The Quick Requests page lets you submit requests for books you already have the DB numbers for in easy and rapid fashion.  You’ll need to log in to your account using your username and password first, which we recommend doing as soon as you arrive at the catalog’s homepage.


And speaking of your account, you’ll now be able to access a lot more information about your account once you log in.  You can review what you currently have checked out to your account, what books are on your request list, your current reading preferences, and your complete reading history, which you can browse and sort depending on your needs.


If you have any questions about the new online catalog, including what your username and password are, please feel free to contact us at 800-452-0292 or  We’re here to help!



If you’re interested in getting a copy of the Bible you can keep, there are several options available to you, depending on the format you want.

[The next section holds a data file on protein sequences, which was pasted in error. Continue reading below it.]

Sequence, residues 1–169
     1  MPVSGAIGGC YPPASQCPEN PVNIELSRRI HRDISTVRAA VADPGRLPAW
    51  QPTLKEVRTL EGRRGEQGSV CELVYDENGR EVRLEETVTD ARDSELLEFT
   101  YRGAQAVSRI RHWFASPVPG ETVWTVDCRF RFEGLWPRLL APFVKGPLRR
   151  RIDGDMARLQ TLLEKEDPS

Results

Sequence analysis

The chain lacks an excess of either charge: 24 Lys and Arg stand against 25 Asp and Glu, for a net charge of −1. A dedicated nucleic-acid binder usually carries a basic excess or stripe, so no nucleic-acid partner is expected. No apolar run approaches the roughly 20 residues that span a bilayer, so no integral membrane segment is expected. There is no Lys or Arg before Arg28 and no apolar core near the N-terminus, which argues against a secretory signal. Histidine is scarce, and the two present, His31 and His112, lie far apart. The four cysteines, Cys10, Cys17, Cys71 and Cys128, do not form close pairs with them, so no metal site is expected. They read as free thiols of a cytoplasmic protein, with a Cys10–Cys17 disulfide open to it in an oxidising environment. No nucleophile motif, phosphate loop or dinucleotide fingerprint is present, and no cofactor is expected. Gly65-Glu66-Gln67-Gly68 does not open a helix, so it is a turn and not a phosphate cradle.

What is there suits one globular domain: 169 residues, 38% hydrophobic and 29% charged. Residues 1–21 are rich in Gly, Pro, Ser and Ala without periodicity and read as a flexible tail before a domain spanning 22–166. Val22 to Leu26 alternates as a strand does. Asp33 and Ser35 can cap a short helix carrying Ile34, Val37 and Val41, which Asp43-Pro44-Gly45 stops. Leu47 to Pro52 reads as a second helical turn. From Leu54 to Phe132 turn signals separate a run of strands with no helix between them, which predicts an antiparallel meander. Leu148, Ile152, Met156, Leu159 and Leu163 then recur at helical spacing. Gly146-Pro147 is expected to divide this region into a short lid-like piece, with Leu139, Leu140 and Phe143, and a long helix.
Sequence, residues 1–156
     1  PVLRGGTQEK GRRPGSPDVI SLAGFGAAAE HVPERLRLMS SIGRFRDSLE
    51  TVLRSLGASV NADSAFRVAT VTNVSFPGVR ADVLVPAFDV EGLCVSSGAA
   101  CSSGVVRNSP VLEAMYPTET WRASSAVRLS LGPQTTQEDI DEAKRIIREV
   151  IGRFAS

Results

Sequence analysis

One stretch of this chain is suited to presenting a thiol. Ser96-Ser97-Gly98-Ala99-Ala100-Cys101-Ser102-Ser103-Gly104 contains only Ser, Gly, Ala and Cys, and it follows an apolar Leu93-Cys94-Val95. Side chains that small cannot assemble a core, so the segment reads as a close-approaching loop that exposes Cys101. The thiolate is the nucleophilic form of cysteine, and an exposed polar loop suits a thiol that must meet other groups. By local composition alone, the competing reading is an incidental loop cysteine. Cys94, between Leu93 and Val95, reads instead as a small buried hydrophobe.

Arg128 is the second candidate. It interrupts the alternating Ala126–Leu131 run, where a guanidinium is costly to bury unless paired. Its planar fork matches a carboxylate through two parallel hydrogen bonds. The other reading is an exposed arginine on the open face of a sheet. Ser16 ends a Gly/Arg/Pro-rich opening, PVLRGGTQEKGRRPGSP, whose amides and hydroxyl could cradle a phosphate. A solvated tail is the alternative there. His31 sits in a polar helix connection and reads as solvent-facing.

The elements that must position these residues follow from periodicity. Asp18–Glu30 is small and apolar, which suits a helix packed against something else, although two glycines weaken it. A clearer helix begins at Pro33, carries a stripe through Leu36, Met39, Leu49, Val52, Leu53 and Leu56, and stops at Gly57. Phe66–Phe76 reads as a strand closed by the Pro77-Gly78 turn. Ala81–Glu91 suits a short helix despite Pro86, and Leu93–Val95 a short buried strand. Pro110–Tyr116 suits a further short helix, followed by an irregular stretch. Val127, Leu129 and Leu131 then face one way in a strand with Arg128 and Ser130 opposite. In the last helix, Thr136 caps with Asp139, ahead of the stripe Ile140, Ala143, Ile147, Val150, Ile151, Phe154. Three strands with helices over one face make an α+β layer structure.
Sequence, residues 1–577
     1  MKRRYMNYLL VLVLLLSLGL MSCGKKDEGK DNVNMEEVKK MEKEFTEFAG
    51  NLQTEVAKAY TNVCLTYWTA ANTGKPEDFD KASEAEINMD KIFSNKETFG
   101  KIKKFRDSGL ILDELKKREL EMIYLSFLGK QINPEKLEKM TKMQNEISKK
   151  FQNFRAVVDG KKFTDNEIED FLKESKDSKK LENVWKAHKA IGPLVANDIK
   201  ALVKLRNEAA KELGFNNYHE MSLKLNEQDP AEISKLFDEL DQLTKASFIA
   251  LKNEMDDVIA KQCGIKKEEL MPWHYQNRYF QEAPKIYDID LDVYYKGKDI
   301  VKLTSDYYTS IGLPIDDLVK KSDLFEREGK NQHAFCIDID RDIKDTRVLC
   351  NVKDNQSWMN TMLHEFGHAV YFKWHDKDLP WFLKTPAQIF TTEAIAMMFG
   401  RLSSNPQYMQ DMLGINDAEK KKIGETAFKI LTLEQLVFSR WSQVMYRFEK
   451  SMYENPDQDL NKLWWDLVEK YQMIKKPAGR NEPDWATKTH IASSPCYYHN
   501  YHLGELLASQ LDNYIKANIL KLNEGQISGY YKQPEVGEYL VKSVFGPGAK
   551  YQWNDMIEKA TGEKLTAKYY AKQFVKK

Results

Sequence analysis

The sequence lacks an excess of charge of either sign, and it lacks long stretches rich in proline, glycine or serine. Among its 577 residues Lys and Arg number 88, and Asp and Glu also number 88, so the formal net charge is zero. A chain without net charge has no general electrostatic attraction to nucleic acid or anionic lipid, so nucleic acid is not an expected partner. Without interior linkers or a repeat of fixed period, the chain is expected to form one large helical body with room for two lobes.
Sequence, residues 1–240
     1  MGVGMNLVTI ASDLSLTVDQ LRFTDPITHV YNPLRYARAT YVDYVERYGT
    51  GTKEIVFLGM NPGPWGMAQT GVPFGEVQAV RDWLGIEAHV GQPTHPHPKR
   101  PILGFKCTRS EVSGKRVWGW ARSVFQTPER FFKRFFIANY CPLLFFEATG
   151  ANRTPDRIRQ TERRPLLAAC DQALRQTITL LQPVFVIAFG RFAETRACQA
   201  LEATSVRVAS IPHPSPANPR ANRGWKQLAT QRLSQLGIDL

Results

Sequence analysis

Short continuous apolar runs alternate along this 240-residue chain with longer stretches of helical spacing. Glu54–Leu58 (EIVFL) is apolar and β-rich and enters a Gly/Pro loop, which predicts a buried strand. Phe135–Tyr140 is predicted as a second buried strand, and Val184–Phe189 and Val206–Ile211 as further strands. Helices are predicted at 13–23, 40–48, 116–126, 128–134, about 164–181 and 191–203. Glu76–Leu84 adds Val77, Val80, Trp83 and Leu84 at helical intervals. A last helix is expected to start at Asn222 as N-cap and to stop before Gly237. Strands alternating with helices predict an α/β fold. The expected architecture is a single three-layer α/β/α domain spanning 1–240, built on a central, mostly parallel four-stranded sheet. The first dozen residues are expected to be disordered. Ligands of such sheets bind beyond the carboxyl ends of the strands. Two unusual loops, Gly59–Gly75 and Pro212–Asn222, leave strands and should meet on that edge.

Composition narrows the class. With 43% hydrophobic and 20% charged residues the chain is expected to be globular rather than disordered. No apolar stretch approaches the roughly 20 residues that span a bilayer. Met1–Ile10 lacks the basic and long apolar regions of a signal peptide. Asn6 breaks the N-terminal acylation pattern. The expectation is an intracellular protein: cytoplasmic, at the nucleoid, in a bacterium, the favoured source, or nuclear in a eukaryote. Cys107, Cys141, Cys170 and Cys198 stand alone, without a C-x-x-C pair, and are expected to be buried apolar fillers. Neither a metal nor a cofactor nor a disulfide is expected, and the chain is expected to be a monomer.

For those users interested in getting their own audio copy of the Bible, Aurora Ministries is a reputable and reliable organization devoted to providing Bibles to people with print disabilities.  They have four English translations: the King James, the New King James, the New English Standard, and the World English Bible.  Both Old and New Testaments come on a single cartridge just like the ones we send out.  They do require a $15 donation to cover the cost of the cartridge, or you can send them a flash drive or cartridge you’ve purchased.  You can contact Aurora Ministries at 941-748-3031, or visit their website at  We also have pre-certified Aurora Ministry order forms we can send to our registered users upon request.